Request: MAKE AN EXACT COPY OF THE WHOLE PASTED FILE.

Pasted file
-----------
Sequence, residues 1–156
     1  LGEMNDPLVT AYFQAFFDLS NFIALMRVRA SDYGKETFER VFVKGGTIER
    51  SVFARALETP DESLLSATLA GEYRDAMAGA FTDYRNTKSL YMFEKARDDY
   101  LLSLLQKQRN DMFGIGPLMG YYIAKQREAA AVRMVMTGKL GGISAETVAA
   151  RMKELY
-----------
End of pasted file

Sequence, residues 1–156
     1  LGEMNDPLVT AYFQAFFDLS NFIALMRVRA SDYGKETFER VFVKGGTIER
    51  SVFARALETP DESLLSATLA GEYRDAMAGA FTDYRNTKSL YMFEKARDDY
   101  LLSLLQKQRN DMFGIGPLMG YYIAKQREAA AVRMVMTGKL GGISAETVAA
   151  RMKELY